Moving microscopy beyond the resolution limit

Microscopy beyond the resolution limit
Image of microtubules in a fixed cell sample. A 3 μm x 3 μm confocal scan of microtubules in a fixed 3T3 cell labelled with quantum dots analyzed in two ways. Upper left: image scanning microscopy (ISM), lower right: super-resolution optical fluctuation image scanning microscopy (SOFISM) after Fourier-reweighting. (Source: UW Physics, A. Makowski). Credit: UW Physics, A. Makowski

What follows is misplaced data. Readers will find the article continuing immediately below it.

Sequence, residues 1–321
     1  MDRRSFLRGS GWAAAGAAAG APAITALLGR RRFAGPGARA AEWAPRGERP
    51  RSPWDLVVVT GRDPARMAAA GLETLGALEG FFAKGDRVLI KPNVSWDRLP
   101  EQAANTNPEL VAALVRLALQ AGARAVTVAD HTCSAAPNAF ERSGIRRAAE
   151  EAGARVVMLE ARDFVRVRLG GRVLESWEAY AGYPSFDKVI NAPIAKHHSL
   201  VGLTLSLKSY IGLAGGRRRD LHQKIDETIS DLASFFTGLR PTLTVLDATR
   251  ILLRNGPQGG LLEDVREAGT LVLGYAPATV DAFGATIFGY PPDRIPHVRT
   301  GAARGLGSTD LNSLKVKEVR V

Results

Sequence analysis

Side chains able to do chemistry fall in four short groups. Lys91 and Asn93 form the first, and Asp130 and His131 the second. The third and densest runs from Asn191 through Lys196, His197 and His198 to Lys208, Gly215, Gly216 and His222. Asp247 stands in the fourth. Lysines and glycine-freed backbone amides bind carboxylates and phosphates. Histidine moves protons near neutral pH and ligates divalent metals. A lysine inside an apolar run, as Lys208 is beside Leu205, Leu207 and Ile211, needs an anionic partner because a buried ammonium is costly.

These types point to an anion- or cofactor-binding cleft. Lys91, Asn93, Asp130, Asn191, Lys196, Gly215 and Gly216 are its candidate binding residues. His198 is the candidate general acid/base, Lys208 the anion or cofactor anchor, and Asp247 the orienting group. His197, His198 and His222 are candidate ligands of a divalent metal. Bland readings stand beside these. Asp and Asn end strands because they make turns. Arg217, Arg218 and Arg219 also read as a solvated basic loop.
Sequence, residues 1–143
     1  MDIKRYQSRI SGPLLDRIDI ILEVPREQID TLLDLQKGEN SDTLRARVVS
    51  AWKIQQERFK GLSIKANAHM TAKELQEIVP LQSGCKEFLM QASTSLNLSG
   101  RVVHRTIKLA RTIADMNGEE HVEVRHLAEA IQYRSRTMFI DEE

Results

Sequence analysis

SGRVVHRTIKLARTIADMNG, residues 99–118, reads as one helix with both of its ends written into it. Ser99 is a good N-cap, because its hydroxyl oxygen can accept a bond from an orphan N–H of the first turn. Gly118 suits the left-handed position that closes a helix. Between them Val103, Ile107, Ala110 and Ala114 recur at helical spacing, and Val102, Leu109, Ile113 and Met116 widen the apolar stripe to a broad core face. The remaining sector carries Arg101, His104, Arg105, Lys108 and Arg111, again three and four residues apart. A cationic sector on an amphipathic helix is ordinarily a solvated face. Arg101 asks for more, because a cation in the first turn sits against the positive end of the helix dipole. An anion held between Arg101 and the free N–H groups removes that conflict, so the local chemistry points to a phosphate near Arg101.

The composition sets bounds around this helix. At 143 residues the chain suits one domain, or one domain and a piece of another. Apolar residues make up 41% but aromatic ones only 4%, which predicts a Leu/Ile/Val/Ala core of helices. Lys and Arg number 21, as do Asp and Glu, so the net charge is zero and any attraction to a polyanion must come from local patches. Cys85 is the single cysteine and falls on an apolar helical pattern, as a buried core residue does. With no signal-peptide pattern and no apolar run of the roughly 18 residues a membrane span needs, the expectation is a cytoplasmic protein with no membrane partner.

The Polish-Israeli team from the Faculty of Physics of the University of Warsaw and the Weizmann Institute of Science has made another significant achievement in fluorescent microscopy. In the pages of the Optica journal the team presented a new method of microscopy which, in theory, has no resolution limit. In practice, the team managed to demonstrate a fourfold improvement over the diffraction limit.